We came together this year at the Powershift gathering in Washington, DC, as members of Beaver Lake Cree Nation, Athabasca Chipewyan First Nation and Lubicon Cree Nation to share our stories with 11,000 youth from across North America. We came with messages of destruction and devastation wrought by the tar sands in our communities, but also feelings of hope that together we can contribute to building a more sustainable world for our communities and future generations. These ideas of a greener sustainable world are familiar to us as an ancient First Nations way of life.

Dangerous toxic chemicals used in the extraction of tar sands are contaminating water systems stretching all the way to the arctic basin and adversely affecting communities along the way including Athabasca Chipewyan First Nation. Expansion of the tar sands is a direct attack on who we are as a people. Many First Nation peoples believe in the medicine wheel with four elements: earth, water, air and fire—three are polluted by these projects. Destroying these elements destroys who we are. The tar sands are killing us.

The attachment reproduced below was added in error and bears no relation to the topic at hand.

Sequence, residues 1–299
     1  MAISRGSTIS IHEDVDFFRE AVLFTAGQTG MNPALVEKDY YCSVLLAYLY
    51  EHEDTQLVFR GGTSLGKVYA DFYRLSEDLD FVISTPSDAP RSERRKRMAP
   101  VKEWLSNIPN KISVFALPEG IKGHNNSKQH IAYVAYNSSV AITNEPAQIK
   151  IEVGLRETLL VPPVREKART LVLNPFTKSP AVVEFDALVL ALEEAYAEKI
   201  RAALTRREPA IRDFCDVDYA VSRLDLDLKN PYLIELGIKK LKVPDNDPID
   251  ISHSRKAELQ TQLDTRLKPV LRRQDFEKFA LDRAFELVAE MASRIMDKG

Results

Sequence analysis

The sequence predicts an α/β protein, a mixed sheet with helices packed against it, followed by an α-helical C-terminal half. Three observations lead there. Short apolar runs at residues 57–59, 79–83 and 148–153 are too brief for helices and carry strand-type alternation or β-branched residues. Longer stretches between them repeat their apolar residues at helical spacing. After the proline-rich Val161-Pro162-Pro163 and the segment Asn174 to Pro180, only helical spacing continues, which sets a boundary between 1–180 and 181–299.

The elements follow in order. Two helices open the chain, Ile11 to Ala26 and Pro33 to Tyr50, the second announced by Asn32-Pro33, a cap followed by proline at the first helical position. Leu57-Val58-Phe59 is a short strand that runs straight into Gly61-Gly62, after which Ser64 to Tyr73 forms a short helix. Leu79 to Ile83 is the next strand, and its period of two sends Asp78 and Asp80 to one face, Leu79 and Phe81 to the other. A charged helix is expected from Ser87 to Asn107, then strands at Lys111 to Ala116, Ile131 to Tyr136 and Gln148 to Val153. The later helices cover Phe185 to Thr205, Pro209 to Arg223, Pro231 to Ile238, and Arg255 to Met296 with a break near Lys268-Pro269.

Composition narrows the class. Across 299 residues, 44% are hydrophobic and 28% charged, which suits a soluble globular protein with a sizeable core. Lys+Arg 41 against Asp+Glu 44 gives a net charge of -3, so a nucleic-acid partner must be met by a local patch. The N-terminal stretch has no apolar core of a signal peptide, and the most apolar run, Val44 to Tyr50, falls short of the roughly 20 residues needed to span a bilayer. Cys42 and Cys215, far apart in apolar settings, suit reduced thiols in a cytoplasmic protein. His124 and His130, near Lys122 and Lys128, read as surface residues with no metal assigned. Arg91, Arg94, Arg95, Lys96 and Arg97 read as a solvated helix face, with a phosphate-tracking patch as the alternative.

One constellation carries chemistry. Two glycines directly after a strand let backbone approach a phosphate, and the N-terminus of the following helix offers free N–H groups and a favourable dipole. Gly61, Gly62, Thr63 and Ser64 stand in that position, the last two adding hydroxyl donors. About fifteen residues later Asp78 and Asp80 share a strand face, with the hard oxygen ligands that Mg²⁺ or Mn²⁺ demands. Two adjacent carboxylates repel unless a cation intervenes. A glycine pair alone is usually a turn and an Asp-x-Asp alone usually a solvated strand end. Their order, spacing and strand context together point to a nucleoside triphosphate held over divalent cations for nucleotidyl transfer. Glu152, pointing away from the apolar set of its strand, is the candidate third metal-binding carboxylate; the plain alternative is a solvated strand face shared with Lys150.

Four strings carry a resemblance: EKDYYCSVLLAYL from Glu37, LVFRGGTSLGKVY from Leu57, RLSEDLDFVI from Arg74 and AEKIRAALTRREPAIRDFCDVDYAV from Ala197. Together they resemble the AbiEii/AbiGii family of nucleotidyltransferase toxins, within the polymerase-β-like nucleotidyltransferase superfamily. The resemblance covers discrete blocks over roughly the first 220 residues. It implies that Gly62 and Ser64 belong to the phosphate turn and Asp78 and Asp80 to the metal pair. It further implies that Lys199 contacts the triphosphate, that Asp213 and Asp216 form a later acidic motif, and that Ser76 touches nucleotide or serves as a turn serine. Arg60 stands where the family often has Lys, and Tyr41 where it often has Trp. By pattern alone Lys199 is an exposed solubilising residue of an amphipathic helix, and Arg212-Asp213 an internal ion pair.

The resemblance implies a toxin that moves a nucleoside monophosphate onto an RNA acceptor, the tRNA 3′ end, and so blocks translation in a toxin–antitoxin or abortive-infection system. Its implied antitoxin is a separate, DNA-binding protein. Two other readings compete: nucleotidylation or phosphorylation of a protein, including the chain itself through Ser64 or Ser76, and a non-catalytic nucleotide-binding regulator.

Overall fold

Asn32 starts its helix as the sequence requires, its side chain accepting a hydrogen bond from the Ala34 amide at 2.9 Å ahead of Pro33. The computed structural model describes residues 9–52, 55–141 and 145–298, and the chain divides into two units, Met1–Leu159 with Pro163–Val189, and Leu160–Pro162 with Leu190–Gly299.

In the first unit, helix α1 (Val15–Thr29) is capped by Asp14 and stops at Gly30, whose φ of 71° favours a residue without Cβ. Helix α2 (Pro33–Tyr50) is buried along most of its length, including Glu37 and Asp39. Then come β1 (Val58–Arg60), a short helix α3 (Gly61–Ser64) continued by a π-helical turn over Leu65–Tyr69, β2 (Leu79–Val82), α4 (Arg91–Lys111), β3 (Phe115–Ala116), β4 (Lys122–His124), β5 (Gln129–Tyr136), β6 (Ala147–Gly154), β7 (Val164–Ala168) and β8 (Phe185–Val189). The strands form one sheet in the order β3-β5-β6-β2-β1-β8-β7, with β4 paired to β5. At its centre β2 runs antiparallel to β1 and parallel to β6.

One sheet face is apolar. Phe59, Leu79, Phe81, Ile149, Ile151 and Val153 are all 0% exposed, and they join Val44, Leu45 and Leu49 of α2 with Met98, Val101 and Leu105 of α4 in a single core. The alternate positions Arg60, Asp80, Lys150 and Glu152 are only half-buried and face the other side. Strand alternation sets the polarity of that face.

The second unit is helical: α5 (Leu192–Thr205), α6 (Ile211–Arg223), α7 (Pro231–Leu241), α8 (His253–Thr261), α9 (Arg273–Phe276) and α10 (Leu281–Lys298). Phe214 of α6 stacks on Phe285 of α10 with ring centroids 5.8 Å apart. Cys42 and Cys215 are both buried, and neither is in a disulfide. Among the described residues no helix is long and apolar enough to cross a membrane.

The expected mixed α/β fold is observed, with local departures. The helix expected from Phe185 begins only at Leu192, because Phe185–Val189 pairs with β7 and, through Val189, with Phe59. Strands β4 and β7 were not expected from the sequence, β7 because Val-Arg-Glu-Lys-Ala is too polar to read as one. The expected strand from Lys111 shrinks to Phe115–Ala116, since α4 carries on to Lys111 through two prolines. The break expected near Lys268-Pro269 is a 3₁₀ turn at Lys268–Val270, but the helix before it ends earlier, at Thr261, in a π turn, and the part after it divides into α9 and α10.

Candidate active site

Beaver Lake Cree Nation is also being encroached upon by rapidly expanding tar sands infrastructure and development. Natural gas wells used to power oil production in the tar sands are almost literally in the community’s backyards. Pollution from these projects adversely affecting peoples’ health, way of life and violate established treaty rights. Animals are dying, disappearing, and being mutated by the poisons dumped into our river systems. If there is no fish, we cannot fish, if there is no more game, we cannot hunt. Our traditional lands and water houses our culture. They are one and the same. Once we have destroyed these fragile eco-systems we will have also destroyed our peoples and trampled our treaty rights.